Investor can leave decisions to funds


October 14, 2007|By EILEEN AMBROSE

You thought saving and investing for retirement was tough? Spending properly once you retire might be tougher. Your nest egg needs to last the rest of your life, and there's little room for error.

You might not have given much thought to this. But investment companies have.

This month, Fidelity Investments launched a series of funds designed to manage distributions for retirees, and the Vanguard Group plans to offer similar funds early next year.

Other investment companies are introducing annuities as an investment option within a 401(k) so that today's savers can buy an income stream for tomorrow.

More products are likely to be introduced as the number of retirees swells.

"This is just the first shot," says Jeff Tjornehoj, senior research analyst with Lipper Inc. in Colorado.

And it's none too soon. The first wave of baby boomers is about to turn 62, the age at which people can start receiving Social Security benefits.

Workers are expected to roll over more than $1 trillion from 401(k)s and similar plans over the next five years, according to the Financial Research Corp.

Many boomers won't have a traditional pension like the ones the previous generation had, and they are likely to live longer. That makes it imperative that they manage their money wisely.

The new mutual funds from Fidelity and Vanguard are geared to retirees who want to maintain control over their assets but don't want to have to decide how to invest and how much to withdraw annually.

Reverse approach

Fidelity's Income Replacement Funds are similar to the popular target-date retirement funds - only in reverse. With a target date fund, you choose a fund with the date closest to your year of retirement, and the fund does all the investing for you.

The Income Replacement Funds handle the investment decisions and also distribute earnings and principal regularly. You choose the number of years for which you want a monthly income before the account is depleted. Fidelity offers 11 such funds, each with a different date, ranging from 2016 to 2036. At the end of the target year, the account will be empty.

Your monthly payments remain the same during the year but are readjusted annually. The goal is for payments to keep up with inflation, but no promises are made. Each fund is invested in other Fidelity funds, so your money is subject to the ups and downs of the market.

Web calculator

Fidelity's Web site,, has a calculator to figure the right fund for you based on how much you have to invest or the desired monthly payment. The minimum investment is $25,000.

Say you want to start out with a monthly income of $1,000 for 20 or so years. Based on the calculator, you would need to invest about $197,000 in the 2028 fund.

Like other mutual funds, these are flexible. You can sell them when you want without penalty or add money. If you come into a windfall, you can suspend payments and later resume them, says Boyce I. Greer, president of fixed income and asset allocation at Fidelity. And the income is taxed just like distributions from other mutual funds.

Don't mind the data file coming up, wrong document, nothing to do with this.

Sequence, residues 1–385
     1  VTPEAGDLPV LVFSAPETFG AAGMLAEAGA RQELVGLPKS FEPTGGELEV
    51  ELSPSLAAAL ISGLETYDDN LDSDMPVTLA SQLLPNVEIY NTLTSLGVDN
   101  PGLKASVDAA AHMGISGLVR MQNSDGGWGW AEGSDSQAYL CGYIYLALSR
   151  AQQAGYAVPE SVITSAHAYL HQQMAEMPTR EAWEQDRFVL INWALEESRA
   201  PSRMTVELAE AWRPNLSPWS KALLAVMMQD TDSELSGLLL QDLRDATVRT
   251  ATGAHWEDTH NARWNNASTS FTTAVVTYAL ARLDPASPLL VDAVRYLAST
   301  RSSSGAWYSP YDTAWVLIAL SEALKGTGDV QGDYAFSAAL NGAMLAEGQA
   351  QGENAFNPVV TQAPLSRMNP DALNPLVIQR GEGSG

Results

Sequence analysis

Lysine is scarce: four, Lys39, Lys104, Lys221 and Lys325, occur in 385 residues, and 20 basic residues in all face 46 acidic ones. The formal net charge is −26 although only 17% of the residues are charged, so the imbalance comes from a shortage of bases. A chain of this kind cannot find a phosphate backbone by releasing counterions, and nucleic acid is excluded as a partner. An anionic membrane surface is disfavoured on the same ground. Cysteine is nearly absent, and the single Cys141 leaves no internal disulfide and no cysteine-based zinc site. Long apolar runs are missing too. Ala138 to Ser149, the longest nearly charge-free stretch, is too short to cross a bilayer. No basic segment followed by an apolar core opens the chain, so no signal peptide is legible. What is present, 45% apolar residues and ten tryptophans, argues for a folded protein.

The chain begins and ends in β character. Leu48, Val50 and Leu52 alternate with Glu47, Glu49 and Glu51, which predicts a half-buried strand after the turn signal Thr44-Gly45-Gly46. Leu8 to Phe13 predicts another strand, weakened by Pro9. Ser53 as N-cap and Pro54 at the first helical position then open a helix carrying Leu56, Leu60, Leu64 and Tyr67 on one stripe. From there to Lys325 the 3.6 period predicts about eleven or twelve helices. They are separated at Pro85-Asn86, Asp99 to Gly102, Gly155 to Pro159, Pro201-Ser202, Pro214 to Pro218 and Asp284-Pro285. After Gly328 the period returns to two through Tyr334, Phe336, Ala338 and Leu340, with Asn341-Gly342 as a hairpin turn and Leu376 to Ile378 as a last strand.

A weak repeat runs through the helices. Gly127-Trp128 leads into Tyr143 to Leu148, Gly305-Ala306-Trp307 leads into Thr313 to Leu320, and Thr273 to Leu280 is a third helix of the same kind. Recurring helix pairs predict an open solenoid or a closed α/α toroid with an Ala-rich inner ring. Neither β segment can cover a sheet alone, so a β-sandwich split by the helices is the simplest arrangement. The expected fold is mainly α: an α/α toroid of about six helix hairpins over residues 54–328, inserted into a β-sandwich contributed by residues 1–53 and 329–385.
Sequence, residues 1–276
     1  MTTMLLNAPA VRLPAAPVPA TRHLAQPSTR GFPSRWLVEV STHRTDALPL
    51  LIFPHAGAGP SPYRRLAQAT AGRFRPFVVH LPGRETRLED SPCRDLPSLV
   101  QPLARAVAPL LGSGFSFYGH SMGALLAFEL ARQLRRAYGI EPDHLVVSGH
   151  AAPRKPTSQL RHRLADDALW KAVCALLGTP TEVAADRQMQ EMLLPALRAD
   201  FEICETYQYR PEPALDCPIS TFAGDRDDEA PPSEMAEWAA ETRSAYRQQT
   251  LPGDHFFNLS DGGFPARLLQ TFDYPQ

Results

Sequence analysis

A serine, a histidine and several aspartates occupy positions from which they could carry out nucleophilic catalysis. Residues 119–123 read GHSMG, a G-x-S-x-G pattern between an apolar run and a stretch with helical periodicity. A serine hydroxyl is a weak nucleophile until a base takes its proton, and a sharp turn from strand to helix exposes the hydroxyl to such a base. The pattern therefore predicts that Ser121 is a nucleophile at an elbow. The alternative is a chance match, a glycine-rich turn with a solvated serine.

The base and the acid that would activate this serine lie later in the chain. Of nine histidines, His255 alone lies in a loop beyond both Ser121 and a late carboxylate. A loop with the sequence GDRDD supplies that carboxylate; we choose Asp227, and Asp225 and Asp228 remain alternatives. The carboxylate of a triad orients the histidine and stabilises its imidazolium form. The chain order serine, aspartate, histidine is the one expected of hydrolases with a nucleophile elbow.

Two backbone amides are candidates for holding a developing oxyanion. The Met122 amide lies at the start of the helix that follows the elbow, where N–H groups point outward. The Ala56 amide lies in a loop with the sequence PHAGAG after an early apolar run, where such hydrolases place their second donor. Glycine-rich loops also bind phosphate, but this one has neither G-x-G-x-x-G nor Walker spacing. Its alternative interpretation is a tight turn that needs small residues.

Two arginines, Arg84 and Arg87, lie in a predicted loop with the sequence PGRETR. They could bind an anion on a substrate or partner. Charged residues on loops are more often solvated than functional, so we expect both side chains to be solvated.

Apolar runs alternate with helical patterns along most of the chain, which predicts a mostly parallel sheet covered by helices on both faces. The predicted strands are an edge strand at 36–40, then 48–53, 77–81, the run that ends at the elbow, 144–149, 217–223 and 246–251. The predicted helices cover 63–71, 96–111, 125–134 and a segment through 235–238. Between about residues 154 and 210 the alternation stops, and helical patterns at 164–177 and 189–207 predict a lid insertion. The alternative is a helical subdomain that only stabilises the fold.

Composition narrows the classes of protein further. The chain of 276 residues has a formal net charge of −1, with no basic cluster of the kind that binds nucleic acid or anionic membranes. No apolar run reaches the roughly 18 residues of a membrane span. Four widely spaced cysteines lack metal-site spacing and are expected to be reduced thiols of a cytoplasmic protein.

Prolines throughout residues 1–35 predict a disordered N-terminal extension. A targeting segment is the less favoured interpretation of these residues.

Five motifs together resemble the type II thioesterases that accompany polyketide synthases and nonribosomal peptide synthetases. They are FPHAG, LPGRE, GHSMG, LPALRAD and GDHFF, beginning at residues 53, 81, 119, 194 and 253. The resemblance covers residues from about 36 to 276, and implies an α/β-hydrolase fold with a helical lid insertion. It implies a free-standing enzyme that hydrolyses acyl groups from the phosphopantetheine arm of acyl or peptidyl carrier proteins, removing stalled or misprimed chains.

The annual fee ranges from 0.54 percent to 0.65 percent of invested assets, cheaper than an annuity.

Vanguard's Managed Payout Funds will be introduced early next year. Unlike Fidelity's funds, Vanguard's funds will aim to preserve capital on top of making distributions. This way, you will still have money that can be used later for health care or to leave to heirs, says Ellen Rinaldi, a principal at Vanguard.

The three Vanguard funds will give investors an option of a 3 percent, 5 percent or 7 percent annual payout. Investors' monthly payments will remain the same for the year, and each year will be recalculated based on the number of shares and fund performance. The estimated annual cost will be 0.34 percent.

The funds will invest in Vanguard funds and other investments. Performance isn't guaranteed. There are "no promises that we don't dip into capital in any one of the three at a given time," Rinaldi says.

Some investment companies offer annuities that employers can add as an investment option in a 401(k), like a mutual fund.

Buying an annuity through payroll deductions might be more palatable for workers than turning over a big chunk of assets at retirement to buy an annuity, says Jody Strakosch, national director at MetLife. The insurer offers an annuity for 401(k)s called Personal Pension Builder.

$100 a month

According to MetLife, a 25-year-old contributing $100 a month to the annuity - and increasing that by 3 percent a year - would receive monthly payments of about $1,461 for life starting at 65. A 50-year-old making the same contributions would receive about $190 per month.

Fees are lower for annuities purchased through a 401(k) than if workers buy one on their own. MetLife charges a fee of 0.70 percent to 1 percent of invested assets each year. If you take a hardship or in-service withdrawal, you will be charged a 1 percent penalty.

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